Is this really a social media revolution ?
“Egypt is on the lower end of face book penetration in the Arab world at 7.66 per cent, whereas the UAE, at the highest, is at 50 per cent” says a recent report on social media usage by the Dubai School of Government ( DSG). Having managed their PR for over a year and having worked with the person in charge of the research, I can say with confidence that I trust those numbers. So, is this hype about “social media revolution”, “twitter revolution” all just hype ? or is there truth to this argument ?
First things first: a few clarifications are in order.
Journalists like easy answers – and ones that satisfy their audience, without leaving much ambiguity. That is truly the rule of thumb operating here. While most journalists writing about the Middle East and Foreign policy issues are not qualified to be writing about these issues , they want to give the impression that they truly are in control and know what is going on. I remember meeting a very senior diplomat from the State department recently, who in all modesty confirmed that he doesn’t know what the hell is going on. So, go figure.
I believe there is a tendency among the journalistic franternity to repeat the same theory over and over again, as long as someone credible says it, without questioning, analysing it. This is a trend, not to say it happens all the time.
This issue also reminds of a panel discussion a few weeks ago at the National press club, Washington DC, where prominent journalists, bloggers and activists participated. The gist of the discussion, which represented both social media evangelists, as well as traditional media folks such as Riz Khan of Al Jazeera was that though social media played a key role in the uprisings, and continues to do so, there is a need to temper down the credit that we are giving it. Social media did not invent courage and the imagination to stand up to people.
The second edition of the DSG report also mentions :” Egypt, the report found, constitutes about a quarter of total facebook users in the Arab region, and has added close to 2 million new users between January and April. Egypt is nonetheless on the lower end of facebook penetration in the Arab world, at 7.66 per cent, whereas the UAE, at the highest, is at 50 per cent “. So, what is really going on here ?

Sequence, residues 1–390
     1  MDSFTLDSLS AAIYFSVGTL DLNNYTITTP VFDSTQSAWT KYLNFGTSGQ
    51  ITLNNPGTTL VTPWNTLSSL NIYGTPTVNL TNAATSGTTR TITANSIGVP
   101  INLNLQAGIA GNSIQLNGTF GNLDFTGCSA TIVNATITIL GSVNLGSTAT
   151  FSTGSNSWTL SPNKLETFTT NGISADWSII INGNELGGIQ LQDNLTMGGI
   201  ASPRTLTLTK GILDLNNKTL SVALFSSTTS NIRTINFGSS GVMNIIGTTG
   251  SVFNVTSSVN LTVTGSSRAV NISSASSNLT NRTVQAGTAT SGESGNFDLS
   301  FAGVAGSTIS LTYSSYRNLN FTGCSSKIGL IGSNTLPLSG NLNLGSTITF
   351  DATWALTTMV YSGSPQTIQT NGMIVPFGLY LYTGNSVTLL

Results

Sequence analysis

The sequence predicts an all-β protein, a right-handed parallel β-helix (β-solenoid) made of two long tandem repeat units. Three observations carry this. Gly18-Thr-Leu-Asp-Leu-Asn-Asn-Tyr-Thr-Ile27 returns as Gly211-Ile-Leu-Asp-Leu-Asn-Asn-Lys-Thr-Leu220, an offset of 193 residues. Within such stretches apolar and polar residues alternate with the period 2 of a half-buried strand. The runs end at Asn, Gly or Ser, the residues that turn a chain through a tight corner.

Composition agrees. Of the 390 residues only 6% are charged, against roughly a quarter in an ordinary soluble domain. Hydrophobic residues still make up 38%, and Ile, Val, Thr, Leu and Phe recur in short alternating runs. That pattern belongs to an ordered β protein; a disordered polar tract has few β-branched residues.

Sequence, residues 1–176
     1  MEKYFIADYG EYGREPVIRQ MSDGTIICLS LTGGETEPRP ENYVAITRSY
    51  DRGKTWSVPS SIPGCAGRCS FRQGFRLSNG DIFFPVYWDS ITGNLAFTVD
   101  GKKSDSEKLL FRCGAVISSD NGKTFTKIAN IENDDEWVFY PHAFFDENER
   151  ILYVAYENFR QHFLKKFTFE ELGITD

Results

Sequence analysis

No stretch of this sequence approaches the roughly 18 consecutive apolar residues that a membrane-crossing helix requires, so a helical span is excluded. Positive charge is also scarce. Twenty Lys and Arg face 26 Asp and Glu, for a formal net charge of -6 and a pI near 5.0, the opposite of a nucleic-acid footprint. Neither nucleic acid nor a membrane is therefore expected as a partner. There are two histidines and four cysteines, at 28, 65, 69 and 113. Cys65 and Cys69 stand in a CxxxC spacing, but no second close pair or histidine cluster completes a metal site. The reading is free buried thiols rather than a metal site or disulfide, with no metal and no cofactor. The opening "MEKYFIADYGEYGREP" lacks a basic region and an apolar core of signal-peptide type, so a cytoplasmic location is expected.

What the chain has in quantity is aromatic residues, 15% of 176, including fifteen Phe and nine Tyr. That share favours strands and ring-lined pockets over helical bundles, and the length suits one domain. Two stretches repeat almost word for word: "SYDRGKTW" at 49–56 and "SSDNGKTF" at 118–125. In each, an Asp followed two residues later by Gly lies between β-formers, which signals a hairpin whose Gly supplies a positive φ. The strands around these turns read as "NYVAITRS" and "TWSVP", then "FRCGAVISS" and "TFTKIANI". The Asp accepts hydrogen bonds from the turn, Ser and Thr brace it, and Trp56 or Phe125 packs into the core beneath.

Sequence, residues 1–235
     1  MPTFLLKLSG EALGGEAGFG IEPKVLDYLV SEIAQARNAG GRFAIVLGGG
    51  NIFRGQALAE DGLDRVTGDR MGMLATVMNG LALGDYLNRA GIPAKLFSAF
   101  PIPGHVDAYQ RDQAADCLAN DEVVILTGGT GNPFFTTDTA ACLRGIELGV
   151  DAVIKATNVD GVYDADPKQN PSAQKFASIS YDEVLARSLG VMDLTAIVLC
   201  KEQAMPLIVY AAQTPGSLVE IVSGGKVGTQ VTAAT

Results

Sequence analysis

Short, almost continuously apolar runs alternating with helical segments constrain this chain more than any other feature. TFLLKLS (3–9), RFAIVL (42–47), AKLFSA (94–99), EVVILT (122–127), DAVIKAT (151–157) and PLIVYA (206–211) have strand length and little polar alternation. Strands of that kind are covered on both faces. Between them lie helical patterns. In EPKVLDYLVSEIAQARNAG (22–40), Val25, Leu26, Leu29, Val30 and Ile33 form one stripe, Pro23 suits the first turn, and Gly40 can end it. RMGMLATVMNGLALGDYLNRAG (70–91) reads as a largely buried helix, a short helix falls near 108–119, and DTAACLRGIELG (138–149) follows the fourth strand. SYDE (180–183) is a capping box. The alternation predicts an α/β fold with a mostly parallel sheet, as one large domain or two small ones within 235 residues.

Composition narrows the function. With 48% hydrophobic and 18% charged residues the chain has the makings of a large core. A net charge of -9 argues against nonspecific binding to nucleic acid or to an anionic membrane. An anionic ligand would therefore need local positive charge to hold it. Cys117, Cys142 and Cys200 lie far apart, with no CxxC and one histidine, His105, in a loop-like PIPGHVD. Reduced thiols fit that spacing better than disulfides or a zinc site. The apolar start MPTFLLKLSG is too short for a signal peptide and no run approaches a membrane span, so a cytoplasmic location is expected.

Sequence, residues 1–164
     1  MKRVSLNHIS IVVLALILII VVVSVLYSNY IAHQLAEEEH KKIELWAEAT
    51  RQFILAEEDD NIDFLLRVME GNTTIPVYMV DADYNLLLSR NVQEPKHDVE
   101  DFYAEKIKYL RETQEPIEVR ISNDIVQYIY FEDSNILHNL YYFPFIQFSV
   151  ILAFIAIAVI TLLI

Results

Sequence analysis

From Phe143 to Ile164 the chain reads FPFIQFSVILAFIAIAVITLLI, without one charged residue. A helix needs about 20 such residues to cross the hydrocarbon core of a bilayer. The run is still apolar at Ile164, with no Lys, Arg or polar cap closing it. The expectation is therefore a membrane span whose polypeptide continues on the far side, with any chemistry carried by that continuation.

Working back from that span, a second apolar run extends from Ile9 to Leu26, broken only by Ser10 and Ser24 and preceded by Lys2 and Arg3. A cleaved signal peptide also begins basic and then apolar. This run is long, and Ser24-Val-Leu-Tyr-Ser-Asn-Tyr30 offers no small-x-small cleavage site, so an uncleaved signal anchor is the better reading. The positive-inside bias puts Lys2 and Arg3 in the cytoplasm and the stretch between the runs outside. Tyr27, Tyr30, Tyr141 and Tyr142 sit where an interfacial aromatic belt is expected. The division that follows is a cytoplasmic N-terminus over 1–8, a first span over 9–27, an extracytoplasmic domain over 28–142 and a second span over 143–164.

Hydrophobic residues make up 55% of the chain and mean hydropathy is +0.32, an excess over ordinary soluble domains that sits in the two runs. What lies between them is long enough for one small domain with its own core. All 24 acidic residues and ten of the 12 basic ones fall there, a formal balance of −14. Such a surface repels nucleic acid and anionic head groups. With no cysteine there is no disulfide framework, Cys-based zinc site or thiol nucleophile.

How come those societies which are most connected are not witnessing revolutions ? UAE, where the monarchy is very stable, did not even witness a whiff of protest, forget having a full-blown revolution.
In my mind, there are a few other possible explanations, rather than giving all the credit to Facebook and twitter. Some key factors which made the Tunisian and Egyptian revolutions effective in terms of social media :
- There are huge masses of poor, affected people, who need to mobilize
- There is state censorship of media
- There is a critical mass of youth who want their voices to be heard
Since the demographics of the region are titled in favour of the youth ( by some estimates, about 50 % of the population in the MENA region are below 25 yrs), this creates a critical mass of users of social media and technologies.
In a study called Shababtek, done a few years ago by TNS, the market research firm, this was also brought out. I am surprised that no one is quoting this report. This was way back in the year 2008, when I was in Dubai and used to manage the TNS account. The study, which was an ethnographic study of youth across 6 countries brought out the essential truth : Youth in the region want to express themselves, connect with others and feel part of the larger community. And the social media, internet allow for that to happen rather easily.
This can also explain partly why the revolutions in the region have succeeded, more so because youth have adopted these tools.
But to give all the credit to the tools would not only be naïve, but also foolish.